Atypical Antipsychotics

Atypical Antipsychotics and Extrapyramidal Symptoms

Traditionally, it was thought that atypical antipsychotics were less likely than older antipsychotic medications to cause extrapyramidal symptoms, such as:
 
  • Rigidity (muscle stiffness)
  • Unusual body or facial movements
  • Persistent muscle spasms
  • Tremors
  • Restlessness
  • A feeling of internal jitteriness.
     
However, recent research (particularly a study called the "CATIE trial") suggests that older medications may be just as safe and can be tolerated just as well as newer medications, although much controversy still exists on this topic. In the past, older medications were often used at much higher doses than are used currently, which may explain why they appeared to cause more side effects.
 

Negative Symptoms

Traditionally, it was also thought that newer, atypical antipsychotics were more effective for "negative symptoms" of schizophrenia. Negative symptoms include:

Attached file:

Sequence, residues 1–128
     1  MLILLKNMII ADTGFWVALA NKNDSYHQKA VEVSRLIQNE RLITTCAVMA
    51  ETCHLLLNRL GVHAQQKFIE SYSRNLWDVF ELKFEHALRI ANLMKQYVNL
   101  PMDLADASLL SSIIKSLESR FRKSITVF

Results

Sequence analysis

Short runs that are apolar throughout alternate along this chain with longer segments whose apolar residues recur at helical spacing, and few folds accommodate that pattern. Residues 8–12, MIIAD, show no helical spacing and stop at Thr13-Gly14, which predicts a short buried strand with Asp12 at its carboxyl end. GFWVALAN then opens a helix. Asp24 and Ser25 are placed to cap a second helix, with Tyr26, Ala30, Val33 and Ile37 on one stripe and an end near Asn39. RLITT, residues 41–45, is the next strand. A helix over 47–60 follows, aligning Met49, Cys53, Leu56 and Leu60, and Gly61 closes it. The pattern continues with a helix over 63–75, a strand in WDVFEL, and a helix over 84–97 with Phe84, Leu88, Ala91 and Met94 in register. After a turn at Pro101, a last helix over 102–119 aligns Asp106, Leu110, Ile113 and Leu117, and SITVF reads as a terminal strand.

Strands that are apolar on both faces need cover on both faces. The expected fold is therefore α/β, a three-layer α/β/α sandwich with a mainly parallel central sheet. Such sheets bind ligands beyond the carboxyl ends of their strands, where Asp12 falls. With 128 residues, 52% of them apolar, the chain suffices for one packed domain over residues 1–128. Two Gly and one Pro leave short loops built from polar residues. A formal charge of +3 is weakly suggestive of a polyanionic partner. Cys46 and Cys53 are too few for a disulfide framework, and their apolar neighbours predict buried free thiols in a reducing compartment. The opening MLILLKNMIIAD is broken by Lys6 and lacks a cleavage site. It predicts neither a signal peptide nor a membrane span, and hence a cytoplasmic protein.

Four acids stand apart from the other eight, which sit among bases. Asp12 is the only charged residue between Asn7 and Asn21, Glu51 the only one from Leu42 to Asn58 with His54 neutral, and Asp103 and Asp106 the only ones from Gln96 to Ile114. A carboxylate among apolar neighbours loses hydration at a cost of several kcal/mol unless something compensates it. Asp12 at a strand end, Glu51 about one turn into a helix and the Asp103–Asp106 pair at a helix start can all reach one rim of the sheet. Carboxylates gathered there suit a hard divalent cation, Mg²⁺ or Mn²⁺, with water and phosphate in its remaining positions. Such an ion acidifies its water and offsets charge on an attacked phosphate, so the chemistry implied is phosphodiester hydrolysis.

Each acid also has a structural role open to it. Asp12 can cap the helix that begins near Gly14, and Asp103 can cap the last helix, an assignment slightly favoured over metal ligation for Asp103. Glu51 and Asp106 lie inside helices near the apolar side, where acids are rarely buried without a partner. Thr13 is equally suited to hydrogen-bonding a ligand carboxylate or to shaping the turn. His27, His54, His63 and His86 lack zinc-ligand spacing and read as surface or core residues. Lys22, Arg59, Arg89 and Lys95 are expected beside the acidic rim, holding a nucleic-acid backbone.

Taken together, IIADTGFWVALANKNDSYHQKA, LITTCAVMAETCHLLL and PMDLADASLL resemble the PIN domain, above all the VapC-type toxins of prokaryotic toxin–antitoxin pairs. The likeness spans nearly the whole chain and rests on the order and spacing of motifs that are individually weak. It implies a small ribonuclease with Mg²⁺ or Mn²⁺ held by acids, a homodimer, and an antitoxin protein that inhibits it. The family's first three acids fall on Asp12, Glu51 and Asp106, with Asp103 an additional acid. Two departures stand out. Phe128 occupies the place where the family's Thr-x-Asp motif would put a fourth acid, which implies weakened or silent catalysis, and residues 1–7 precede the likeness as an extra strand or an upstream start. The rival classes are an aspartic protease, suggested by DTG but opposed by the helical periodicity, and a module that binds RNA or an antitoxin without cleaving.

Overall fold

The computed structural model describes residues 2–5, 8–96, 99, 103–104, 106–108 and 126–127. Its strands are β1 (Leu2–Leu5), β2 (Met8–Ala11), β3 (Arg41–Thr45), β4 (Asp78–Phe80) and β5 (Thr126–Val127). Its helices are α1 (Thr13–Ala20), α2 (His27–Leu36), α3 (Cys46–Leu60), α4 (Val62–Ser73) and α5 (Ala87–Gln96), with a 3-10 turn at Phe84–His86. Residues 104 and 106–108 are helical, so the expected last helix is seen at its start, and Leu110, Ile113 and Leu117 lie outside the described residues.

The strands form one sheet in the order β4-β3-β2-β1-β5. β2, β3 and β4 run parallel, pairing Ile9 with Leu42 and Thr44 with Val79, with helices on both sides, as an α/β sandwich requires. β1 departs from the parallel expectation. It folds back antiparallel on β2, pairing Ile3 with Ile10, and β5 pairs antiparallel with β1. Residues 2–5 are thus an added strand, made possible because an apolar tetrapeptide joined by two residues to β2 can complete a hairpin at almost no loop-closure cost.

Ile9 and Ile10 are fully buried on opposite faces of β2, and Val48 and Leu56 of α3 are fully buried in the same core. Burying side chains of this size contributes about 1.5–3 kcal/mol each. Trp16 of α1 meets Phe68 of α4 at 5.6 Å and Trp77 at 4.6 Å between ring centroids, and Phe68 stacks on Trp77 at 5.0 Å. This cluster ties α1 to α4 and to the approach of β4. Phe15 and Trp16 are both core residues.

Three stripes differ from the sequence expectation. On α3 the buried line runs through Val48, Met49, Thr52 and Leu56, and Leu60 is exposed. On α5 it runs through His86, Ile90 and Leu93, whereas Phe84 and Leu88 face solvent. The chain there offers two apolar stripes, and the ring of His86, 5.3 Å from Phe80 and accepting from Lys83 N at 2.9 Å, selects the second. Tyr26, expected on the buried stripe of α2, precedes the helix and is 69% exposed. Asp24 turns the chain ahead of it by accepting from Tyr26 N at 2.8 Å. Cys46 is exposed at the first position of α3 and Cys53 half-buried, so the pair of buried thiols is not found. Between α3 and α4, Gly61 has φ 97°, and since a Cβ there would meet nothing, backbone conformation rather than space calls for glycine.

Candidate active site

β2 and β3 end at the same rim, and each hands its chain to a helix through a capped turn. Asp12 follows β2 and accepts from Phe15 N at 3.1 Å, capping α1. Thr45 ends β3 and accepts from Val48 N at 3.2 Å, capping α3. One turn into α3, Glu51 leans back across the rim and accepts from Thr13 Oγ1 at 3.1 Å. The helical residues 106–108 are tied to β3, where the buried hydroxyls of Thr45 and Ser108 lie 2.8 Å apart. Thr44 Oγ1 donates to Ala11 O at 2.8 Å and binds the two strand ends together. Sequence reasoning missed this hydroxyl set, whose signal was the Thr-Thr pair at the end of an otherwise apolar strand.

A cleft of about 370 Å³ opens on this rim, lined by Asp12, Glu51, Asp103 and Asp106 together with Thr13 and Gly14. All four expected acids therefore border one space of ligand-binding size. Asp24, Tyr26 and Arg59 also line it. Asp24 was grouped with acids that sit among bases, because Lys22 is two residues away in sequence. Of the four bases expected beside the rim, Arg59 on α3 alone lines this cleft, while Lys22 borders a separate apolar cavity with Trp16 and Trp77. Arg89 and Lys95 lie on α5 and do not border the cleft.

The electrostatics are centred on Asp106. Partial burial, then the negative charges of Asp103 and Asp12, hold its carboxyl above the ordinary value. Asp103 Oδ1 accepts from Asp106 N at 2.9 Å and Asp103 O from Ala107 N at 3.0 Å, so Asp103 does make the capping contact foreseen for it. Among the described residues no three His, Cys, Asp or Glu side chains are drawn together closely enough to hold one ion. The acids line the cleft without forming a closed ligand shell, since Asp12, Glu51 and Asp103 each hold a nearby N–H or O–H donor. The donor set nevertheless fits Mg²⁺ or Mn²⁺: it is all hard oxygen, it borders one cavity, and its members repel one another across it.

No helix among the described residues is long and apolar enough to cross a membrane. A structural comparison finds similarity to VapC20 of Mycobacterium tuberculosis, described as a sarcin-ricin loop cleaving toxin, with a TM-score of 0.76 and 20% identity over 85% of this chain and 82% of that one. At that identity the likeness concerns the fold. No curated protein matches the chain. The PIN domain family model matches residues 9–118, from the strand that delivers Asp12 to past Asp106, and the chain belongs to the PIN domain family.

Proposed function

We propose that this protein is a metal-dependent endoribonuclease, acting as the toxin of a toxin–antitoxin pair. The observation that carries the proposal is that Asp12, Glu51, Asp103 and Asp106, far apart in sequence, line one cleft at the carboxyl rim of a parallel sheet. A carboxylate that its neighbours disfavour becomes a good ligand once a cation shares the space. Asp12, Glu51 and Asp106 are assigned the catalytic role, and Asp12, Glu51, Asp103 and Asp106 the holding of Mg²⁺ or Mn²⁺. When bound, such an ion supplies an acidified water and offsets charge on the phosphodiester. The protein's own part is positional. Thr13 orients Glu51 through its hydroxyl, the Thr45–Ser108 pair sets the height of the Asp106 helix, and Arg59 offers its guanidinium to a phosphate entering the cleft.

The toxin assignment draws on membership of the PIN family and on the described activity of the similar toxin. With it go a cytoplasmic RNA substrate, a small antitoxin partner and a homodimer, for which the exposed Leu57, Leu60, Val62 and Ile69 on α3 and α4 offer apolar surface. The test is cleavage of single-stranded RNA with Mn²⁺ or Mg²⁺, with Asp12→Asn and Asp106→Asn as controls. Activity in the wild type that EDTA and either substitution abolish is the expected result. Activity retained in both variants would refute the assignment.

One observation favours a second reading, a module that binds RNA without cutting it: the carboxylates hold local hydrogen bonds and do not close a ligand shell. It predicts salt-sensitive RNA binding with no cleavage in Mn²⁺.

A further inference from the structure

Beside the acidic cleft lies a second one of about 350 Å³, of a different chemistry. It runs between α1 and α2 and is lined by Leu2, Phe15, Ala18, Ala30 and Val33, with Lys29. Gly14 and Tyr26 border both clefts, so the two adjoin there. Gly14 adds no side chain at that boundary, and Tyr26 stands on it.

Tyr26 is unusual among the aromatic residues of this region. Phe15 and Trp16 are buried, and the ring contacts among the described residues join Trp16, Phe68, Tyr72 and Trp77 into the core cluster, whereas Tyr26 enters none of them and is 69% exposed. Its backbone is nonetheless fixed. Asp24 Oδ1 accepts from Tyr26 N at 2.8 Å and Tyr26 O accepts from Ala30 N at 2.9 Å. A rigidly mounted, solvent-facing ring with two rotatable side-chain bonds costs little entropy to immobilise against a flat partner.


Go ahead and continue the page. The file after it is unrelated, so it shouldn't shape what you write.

• Lack of speech
  • "Flat" facial expression or personality
  • Not caring about things (apathy)
  • Lack of pleasure in normally pleasurable activities.
     
Research seems to support the conclusion that newer medications are better for negative symptoms, although there is significant controversy surrounding this issue as well.
 

Do They Cause Weight Gain?

Atypical antipsychotics appear to increase the risk of weight gain. Sometimes, this weight gain can be extreme (as much as 75 to 100 pounds or even more). It is not known exactly how or why atypical antipsychotics cause weight gain.
 
Along with weight gain comes a host of other health risks, such as heart disease, diabetes, or even arthritis. Much research has focused on atypical antipsychotics and diabetes, suggesting a definite link between the two.
 
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